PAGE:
[19] ZAWA (Zambia Wildlife Authority). 2015. Act No. 14. http://www.parliament.gov.zm/sites/ default/files/documents/acts/The%20%20Zambia%20Wildlife%20Act%2C%202015.pdf, visited 19 August 2021

Inonge Milupi D., Kaiko Mubita, Pauline Namakau Monde, Steriah M. Simooya, Juliet Namukoko, Mwenya Tembo, Wiza C. Nakombe and Fortune Mufana , “Community participation and Community Based Wildlife Resource Management in Mumbwa Game Management Area in Zambia” International Journal of Research and Innovation in Social Science (IJRISS) volume-5-issue-10, pp.206-209 October 2021URL: https://www.rsisinternational.org/journals/ijriss/Digital-Library/volume-5-issue-10/206-209.pdf

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Challenges of the New Retirement Age for Teachers in Selected Government Primary Schools of Sioma District, Western Zambia

Songiso Mutafela, Kalisto Kalimaposo, Harrison Daka, Simeon Mbewe & Kaiko Mubita – October 2021- Page No.: 210-218

The focus of this study was to investigate challenges of the New Retirement Age for teachers in selected government primary schools of Sioma District of Western Zambia. The study evoked qualitative approach using descriptive research design. A sample of 32 participants comprising twenty-four class teachers and eight school managers was purposefully and conveniently drawn from four government primary schools in Sioma District.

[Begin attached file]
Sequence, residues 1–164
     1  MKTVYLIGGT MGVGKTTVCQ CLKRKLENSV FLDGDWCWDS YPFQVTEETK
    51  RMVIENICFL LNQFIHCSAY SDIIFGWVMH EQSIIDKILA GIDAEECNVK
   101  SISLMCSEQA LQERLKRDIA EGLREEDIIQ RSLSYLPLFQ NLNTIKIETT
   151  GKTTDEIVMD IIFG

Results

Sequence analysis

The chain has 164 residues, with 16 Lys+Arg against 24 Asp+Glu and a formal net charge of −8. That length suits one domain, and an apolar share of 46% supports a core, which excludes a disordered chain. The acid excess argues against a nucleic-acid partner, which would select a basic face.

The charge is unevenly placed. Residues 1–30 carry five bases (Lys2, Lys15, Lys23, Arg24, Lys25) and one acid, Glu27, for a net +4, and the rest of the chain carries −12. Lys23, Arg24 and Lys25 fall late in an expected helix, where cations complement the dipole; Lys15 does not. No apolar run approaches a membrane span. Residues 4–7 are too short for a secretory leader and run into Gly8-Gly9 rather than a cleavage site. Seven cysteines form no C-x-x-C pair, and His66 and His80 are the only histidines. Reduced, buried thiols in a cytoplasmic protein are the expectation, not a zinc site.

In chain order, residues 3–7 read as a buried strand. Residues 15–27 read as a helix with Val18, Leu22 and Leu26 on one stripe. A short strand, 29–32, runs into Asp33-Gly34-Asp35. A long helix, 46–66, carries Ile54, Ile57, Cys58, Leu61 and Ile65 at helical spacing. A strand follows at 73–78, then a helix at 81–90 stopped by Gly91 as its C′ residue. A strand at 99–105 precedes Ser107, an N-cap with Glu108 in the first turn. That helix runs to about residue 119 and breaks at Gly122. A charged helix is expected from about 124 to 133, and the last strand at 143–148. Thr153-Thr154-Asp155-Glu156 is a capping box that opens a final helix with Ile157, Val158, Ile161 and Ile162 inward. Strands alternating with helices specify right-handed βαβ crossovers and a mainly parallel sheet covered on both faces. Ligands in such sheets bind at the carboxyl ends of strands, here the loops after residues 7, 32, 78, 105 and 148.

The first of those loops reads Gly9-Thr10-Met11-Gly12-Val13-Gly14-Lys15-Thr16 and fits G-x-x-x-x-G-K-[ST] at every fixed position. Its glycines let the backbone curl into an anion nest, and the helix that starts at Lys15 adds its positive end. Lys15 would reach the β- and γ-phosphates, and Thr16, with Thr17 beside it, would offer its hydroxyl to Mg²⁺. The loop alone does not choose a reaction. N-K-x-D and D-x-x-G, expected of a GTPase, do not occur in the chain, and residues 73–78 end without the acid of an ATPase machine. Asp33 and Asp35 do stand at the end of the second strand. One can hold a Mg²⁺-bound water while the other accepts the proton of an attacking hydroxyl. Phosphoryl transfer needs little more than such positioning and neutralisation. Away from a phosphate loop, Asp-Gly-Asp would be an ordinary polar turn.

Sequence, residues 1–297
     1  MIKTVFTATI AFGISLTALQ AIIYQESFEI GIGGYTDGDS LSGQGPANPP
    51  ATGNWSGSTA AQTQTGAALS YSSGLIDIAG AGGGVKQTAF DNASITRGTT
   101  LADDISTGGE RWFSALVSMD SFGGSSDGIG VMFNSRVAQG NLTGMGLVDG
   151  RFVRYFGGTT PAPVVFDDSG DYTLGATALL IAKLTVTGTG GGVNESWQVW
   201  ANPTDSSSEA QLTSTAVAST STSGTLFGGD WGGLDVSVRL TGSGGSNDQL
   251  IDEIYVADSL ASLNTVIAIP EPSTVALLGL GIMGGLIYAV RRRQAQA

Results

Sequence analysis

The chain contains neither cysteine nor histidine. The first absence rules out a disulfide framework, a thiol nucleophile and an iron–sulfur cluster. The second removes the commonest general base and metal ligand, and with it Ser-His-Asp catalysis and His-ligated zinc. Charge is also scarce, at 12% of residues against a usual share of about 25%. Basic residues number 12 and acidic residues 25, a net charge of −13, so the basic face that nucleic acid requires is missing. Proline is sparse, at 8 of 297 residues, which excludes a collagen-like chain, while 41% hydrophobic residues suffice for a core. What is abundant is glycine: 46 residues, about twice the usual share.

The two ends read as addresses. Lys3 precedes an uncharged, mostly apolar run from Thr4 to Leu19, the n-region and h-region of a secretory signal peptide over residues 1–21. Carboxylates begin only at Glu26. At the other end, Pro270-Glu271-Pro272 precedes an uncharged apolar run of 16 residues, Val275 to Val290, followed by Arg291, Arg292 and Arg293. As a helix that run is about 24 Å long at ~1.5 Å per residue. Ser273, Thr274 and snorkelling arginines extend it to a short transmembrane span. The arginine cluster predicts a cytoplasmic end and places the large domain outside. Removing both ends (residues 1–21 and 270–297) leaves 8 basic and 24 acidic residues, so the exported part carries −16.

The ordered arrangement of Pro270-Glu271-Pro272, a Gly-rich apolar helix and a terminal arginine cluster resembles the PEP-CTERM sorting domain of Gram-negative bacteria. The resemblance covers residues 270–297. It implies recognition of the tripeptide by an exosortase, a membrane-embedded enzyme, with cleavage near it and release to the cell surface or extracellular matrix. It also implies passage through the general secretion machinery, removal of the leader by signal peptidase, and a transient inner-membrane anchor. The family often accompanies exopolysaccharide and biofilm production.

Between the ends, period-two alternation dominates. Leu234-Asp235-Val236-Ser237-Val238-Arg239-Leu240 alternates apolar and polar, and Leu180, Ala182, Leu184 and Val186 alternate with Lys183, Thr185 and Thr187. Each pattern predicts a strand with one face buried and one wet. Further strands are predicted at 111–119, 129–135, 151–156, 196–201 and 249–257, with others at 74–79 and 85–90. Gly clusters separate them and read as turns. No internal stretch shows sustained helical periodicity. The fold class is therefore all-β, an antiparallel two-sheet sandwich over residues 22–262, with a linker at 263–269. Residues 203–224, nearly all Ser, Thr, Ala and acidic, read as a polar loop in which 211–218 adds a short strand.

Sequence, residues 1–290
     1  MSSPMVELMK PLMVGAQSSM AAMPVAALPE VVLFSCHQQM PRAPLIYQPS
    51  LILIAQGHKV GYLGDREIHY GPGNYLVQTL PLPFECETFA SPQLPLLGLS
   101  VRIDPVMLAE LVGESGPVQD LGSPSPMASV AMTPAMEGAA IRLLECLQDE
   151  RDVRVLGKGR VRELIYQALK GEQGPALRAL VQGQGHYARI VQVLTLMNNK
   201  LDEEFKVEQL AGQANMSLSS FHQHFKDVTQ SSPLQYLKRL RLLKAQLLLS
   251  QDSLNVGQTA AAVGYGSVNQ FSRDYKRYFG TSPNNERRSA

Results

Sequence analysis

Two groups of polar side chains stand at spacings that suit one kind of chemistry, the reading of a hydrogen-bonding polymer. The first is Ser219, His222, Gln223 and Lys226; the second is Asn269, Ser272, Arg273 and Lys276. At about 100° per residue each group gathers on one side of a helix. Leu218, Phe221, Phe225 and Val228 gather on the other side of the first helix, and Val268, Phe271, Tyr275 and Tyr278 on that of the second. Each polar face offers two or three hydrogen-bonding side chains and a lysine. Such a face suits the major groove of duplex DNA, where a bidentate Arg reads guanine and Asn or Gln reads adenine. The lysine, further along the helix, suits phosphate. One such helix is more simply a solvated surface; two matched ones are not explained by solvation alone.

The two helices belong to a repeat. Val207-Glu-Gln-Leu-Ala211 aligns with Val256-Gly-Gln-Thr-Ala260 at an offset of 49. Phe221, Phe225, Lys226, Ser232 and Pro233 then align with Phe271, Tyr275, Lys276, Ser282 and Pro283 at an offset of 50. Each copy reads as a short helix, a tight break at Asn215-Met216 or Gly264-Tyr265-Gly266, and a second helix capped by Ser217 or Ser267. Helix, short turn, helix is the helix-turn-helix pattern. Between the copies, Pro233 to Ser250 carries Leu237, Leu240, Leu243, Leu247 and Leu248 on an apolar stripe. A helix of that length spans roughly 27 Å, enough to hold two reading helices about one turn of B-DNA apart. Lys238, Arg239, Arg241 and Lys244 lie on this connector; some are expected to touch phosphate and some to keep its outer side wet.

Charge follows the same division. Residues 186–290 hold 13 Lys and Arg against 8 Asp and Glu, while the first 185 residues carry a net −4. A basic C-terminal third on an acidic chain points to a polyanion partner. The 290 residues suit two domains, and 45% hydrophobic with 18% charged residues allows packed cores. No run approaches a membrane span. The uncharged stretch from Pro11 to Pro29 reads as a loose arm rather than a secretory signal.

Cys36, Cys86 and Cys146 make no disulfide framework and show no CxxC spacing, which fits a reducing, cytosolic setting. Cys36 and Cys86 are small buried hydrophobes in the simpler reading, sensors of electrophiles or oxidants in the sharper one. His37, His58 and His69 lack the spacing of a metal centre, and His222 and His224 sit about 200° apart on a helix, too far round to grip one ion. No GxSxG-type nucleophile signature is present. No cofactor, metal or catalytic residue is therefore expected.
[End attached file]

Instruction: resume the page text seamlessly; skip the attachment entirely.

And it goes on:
Data were collected through questionnaires as well as interview guides. Analysis of data was done thematically where merging and emerging themes were presented in a descriptive form as findings of the study.
The study found that majority of teachers interviewed in Sioma District were not in favour of the New Retirement Age. Most of the participants expressed willingness to retire at the age of fifty-five so that they could get their benefits and start a new life while they were still energetic. In addition, the study found that there was a lot of stigma against older teachers which had affected work relationships in most schools as younger teachers accused the older ones of being fatigued and unwilling to accept change or innovation, especially technological changes in education. The younger teachers also complained about less promotions opportunities in the Ministry as the older teachers were still holding on to most senior positions. It was further reported by majority of participants talked to that accommodation in rural schools had become a great challenge for teachers because some of the houses were still occupied by older teachers who could have retired two or three years ago
Therefore, the study recommended that the Zambian government should revise the current retirement age to provide for two options only; 55 years normal and 60 years late retirement and that the Ministry of General Education should introduce performance based salaries.

Page(s): 210-218                                                                                                                   Date of Publication: 01 November 2021